East Tennessee devastated by fire, needs assistance

East Tennessee devastated by fire, needs assistance

Crews made “significant progress” in their search for any survivors in the rubble of wildfires that torched hundreds of homes and businesses near the Great Smoky Mountains, officials said Thursday.

The latest official death toll reports seven people dead as a result of the fires.

Authorities set up a hotline for people to report missing friends and relatives, and while law enforcement is following up on dozens of leads, officials have not said exactly how many people they think are unaccounted for. Officials believe they will have searched most of the ruins by the end of the day.

“We’re never going to give up hope. I will always hang onto hope that there’s a chance of rescue,” Gatlinburg Fire Chief Greg Miller said during a news conference. “But now, we are at hour 65 from the beginning of the fires. We have to come to a realization that the potential is great that it could be more of a recovery than a rescue.”

Nearly 24 hours of rain on Wednesday helped dampen the wildfires, but fire officials cautioned people, saying they shouldn’t have a false sense of security. Months of drought have left the ground bone dry and the wildfires can rekindle.

A wildfire, which officials say was likely started by a person, began Monday in the Great Smoky Mountain and spread into the tourist city of Gatlinburg when hurricane-force winds toppled trees and power lines, blowing embers in all directions. More than 14,000 residents and visitors in Gatlinburg were forced to evacuate and the city has been shuttered ever since.

At least 700 buildings in the county have been damaged, and officials said it would be at least Monday before the main roads to the city are re-opened.

“Gatlinburg is the people, that’s what Gatlinburg is. It’s not the buildings, it’s not the stuff in the buildings,” Mayor Mike Werner said. “We’re gonna be back better than ever. Just be patient.”

Werner has spent the better part of three days standing in front of TV cameras saying “everything is going to be OK,” all while he lost the home he built himself along with all seven buildings of the condominium business he owned.

Great Smoky Mountains National Park Superintendent Cassius Cash has said the fires were “likely to be human-caused” but he has refused to elaborate, saying only that the investigation continues. About 10,000 acres, or (15 square miles) have burned inside the park and about 6,000 outside of the country’s most visited national park.

Sevier County Mayor Larry Waters said authorities have made “significant progress in the search and clearing” of the rubble. He updated the number of injured to about 75. About 240 people stayed overnight in shelters.

One of the victims was identified as Alice Hagler. Her son Lyle Wood said his mother and brother lived in a home at Chalet Village in Gatlinburg and she frantically called his brother Monday night because the house had caught fire. The call dropped as Wood’s brother raced up the fiery mountain trying to get to his mother. He didn’t make it in time.

“My mom was a very warm, loving, personable person. She never met a stranger. She would talk to anybody,” Wood said.

The mayor said authorities are still working to identify the dead and did not release any details about how they were killed.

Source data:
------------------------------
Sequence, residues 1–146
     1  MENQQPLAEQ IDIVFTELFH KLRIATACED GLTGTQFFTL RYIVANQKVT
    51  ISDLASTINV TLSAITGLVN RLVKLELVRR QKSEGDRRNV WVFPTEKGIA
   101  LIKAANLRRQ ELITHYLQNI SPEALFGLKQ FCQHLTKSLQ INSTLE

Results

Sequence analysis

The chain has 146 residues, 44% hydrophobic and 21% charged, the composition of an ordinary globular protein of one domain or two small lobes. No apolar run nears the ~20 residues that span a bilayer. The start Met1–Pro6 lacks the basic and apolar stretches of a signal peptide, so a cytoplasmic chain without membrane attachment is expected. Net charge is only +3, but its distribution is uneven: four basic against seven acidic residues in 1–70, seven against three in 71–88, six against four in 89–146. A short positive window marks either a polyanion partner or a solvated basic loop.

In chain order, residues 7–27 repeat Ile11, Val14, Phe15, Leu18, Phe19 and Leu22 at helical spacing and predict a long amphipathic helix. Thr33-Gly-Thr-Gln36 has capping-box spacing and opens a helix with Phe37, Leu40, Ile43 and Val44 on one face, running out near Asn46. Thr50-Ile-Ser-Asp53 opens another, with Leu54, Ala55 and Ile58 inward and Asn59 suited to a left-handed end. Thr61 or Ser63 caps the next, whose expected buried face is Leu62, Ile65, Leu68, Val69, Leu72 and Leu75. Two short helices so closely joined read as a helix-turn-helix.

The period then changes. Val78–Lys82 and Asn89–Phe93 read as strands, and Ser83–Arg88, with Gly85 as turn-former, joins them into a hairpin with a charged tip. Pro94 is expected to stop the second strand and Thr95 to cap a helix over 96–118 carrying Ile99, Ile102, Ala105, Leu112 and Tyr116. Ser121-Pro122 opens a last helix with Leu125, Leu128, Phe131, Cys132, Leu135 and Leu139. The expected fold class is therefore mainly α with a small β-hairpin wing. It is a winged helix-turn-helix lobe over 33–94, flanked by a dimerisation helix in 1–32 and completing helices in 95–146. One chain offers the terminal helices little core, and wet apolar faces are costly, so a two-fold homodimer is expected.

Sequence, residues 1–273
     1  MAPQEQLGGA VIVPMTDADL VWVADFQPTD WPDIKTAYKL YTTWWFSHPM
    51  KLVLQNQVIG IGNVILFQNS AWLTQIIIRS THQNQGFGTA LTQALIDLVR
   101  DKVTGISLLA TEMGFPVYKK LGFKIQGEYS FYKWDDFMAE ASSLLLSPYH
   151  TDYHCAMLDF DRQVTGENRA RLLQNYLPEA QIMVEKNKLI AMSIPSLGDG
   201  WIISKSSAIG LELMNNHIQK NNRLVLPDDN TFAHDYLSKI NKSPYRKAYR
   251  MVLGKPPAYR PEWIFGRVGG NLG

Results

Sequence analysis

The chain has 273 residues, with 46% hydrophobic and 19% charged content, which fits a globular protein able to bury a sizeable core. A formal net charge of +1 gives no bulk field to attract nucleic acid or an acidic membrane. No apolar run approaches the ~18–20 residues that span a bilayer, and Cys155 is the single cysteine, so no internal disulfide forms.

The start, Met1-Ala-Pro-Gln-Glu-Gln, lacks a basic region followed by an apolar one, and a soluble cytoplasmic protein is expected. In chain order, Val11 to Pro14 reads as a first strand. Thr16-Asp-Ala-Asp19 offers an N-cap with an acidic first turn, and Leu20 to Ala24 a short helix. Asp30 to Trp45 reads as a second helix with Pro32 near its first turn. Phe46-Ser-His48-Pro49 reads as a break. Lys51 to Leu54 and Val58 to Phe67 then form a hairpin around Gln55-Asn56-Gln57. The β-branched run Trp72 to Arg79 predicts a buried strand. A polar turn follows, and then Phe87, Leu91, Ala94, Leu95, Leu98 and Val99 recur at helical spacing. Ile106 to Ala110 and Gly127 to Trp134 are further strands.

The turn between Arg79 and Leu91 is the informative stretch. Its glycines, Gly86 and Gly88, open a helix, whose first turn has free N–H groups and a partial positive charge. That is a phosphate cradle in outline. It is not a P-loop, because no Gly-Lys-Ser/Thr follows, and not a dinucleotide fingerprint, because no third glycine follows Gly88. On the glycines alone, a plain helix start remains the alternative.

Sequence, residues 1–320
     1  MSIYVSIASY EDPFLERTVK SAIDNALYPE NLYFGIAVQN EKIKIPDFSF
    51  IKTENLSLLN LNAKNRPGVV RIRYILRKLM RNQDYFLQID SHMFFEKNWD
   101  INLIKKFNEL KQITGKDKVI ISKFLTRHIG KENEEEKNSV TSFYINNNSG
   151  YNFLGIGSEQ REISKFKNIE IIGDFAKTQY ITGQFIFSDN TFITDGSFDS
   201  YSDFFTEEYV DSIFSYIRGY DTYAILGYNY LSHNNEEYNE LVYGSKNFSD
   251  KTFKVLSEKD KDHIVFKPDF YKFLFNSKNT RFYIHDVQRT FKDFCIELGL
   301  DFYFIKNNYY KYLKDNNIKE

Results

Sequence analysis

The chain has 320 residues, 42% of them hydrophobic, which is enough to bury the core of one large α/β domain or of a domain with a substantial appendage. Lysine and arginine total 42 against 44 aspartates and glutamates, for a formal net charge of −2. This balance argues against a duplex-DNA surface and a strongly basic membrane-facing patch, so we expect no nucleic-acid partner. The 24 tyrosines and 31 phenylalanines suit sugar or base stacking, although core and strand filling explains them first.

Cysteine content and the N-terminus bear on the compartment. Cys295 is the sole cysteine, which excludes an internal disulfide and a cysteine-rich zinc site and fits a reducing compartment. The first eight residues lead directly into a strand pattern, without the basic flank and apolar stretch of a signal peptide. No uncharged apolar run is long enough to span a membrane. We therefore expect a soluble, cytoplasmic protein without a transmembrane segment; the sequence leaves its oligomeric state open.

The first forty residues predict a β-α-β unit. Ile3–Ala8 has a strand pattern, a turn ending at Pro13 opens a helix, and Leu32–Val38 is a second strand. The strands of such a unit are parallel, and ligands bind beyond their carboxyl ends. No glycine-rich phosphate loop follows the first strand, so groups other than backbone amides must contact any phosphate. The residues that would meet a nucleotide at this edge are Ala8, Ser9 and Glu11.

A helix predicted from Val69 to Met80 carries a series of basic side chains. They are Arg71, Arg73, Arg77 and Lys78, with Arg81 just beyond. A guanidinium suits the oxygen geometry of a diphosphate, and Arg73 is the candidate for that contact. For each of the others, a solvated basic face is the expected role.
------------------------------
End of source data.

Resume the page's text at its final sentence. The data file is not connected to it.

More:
Three brothers being treated at a Nashville hospital said they had not heard from their parents since they were separated while fleeing the fiery scene during their vacation.

A number of funds have been established to help victims of the wildfires, including one set up by the Community Foundation of Middle Tennessee and another by country music legend, Dolly Parton. Parton said The Dollywood Company and The Dollywood Foundation were establishing the My People Fund, which will provide $1,000 monthly to Sevier County families who lost their homes.

The flames reached the doorstep of Dollywood, the theme park named after Parton, but the park was spared any significant damage and will reopen Friday.

Mark Howard was flat on his back with pneumonia in the hospital when the wildfires started. He did the only thing he could when he heard his house was consumed: he dialed 911.

The 57-year-old owner of a handyman business had been in the hospital for several days, and a 911 operator told him about the extent of the wildfires.

“I had no insurance. It’s a total loss,” Howard said.

Howard got out of the hospital on Wednesday night, and he spent the night at a hotel in Pigeon Forge. He said he can probably afford only one night in a hotel and will probably go to a shelter later Thursday.

“I’m going to have to start over,” he said.

Dresden Middle School has chosen to serve as a drop-off location, and will deliver donations to East Tennessee early next Tuesday, Dec. 6. Any donations will be greatly appreciated, as will any cards or notes for the First Responders and Firemen in the Pigeon Forge/Gatlinburg area.

Following is a list of suggested donation items:

  • New clothing for men, women, and children, particularly jackets and shoes
  • New undergarments of any size
  • Toiletries
  • New towels/wash clothes
  • Diapers
  • Children’s books/toys
  • Unopened/new pet food

Additionally, Prestige Cleaners and Prestige Tuxedo will be accepting any of the above items at all of their locations to donate to the area.

 

Fire ravages the Gatlinburg community and surrounding landscapes, forcing many from their homes. photo credit| Great Smoky Mountains National Park Service

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